(director/writer: Alan J Pakula; screenwriters: Frank Pierson/novel by Scott Turow; cinematographer: Gordon Willis; editor: Evan Lottman; music: John Williams; cast: Harrison Ford (Rusty Sabich), Brian Dennehy (Raymond Horgan), Raúl Julia (Sandy Stern), Bonnie Bedelia (Barbara Sabich), Jesse Bradford (Nat Sabich), Paul Winfield (Judge Larren Lyttle), Greta Scacchi (Carolyn Polhemus), John Spencer (Detective Lipranzer), Joe Grifasi (Tommy Molto), Sab Shimono (Painless Kumagai), Tom Mardirosian (Nico Della Guardia), Bradley Whitford (Jamie Kemp), Leland Gantt (Leon Wells); Runtime: 127; MPAA Rating: R; producers: Sydney Pollack/Mark Rosenberg; Warner Brothers; 1990)

“Gripping, well-acted whodunit courtroom drama.”

Reviewed by Dennis Schwartz

Alan J Pakula(“All The President’s Men”/”Sophie’s Choice”/”Klute”) directs this gripping, well-acted whodunit courtroom drama. Co-writers Pakula and Frank Pierson base it on the best-selling novel by Scott Turow. It comes to a disturbing and surprising conclusion, where not everything is as it seems to be and justice gets carried out in a strange desultory way.

Rusty Sabich (Harrison Ford) is a workaholic married to the neurotic mathematician Barbara (Bonnie Bedelia), and they have a precocious 10-year-old named Nat (Jesse Bradford). Rusty is the chief deputy prosecuting attorney of Philadelphia’s Kendall County, working under his stressed-out overbearing DA mentor Raymond Horgan (Brian Dennehy). Ten days before the election for a new DA, the underdog Horgan is being challenged by slimy rival prosecutor Nico Della Guardia (Tom Mardirosian). Horgan’s campaign goes bonkers when one of his prosecutors, the sexy, much disliked and ambitious Carolyn Polhemus (Greta Scacchi) is found brutally murdered and raped in her apartment. Rusty is appointed by his boss to lead the criminal investigation and is told if he can’t get the killer in ten days, their team will lose the election. What Rusty doesn’t tell is that he had a previous fling with the bad-news Carolyn and is still bewitched by her even though she rejected him. When Horgan loses the election, the new DA, Della Guardia, appoints his wormy cohort prosecutor Tommy Molto (Joe Grifasi) to head the murder investigation. When Molto discovers a beer glass in her apartment with Rusty’s fingerprints and that Rusty’s A blood type matches the semen found in the victim, he charges him with the murder. Rusty takes no chances and hires expensive top lawyer Sandy Stern (Raúl Julia).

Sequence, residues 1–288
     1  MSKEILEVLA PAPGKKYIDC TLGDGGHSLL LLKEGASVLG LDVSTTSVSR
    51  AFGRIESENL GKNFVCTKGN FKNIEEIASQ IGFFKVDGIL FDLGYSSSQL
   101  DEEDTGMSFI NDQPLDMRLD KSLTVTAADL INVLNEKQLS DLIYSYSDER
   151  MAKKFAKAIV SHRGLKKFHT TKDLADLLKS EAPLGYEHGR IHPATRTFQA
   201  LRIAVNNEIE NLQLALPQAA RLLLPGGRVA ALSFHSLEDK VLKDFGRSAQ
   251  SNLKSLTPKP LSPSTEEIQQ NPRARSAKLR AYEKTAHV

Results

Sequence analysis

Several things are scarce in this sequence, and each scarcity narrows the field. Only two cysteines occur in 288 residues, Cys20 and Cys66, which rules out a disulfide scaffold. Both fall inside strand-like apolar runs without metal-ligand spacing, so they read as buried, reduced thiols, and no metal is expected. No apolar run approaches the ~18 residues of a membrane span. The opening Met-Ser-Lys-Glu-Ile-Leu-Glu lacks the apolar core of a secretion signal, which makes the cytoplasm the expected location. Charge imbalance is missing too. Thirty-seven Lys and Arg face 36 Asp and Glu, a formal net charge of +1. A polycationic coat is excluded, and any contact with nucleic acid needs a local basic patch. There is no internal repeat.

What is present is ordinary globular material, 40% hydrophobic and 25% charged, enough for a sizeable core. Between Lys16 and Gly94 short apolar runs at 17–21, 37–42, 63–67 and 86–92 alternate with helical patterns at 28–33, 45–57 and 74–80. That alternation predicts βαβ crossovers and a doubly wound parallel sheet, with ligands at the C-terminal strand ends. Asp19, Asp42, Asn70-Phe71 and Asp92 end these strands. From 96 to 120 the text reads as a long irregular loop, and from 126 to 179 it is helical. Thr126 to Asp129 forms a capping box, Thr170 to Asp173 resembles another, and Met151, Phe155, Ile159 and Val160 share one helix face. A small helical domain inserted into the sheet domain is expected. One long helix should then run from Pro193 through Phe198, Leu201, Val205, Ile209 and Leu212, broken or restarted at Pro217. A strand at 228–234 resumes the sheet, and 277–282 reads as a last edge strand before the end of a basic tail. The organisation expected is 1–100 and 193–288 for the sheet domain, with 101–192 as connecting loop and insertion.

During the trial, Rusty relies on his shrewd defense attorney to keep the jury from knowing about his affair with the victim and under advisement from Stern does not take the stand in his defense, while his tormented wife stands by his side. The outspoken trial judge, Larren Lyttle (Paul Winfield), is forced by the clever Stern to open up a file on a perp (Leland Gantt) that implicates the legal system with bribery and corruption. This surprisingly has a dramatic effect on the trial even though it has nothing to do with the case being tried.

Though slow-paced, we gradually get pulled into the story. And even if the movie is far less satisfactory than the thrilling book, not as deep and lapses at times into second-rate TV movie drama, it still is suspenseful and does a good job in its probe of how the flawed judicial system functions. Ford gives a brilliant low-key performance, one that makes us feel his pain, while Dennehy, Julia, Bedelia and Winfield are excellent in supporting roles.